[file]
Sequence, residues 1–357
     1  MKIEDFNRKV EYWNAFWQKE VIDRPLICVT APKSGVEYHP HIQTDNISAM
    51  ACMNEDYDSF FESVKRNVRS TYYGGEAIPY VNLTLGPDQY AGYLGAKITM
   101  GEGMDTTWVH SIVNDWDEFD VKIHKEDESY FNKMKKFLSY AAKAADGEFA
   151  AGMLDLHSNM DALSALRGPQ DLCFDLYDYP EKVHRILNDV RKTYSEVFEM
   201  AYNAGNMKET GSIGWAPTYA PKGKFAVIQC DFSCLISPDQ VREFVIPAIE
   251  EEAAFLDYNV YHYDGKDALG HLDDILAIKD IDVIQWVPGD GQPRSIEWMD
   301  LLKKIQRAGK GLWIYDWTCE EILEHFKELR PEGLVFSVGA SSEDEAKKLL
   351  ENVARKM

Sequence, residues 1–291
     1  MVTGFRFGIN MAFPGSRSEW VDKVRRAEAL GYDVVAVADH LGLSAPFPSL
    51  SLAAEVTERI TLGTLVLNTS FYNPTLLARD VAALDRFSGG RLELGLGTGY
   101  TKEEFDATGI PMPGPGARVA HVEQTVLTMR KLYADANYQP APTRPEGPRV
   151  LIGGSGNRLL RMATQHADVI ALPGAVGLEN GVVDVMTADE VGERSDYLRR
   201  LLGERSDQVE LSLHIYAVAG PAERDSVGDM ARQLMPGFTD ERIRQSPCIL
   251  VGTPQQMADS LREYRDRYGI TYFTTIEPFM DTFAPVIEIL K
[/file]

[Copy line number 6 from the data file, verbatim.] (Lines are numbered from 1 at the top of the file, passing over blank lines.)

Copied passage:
   201  AYNAGNMKET GSIGWAPTYA PKGKFAVIQC DFSCLISPDQ VREFVIPAIE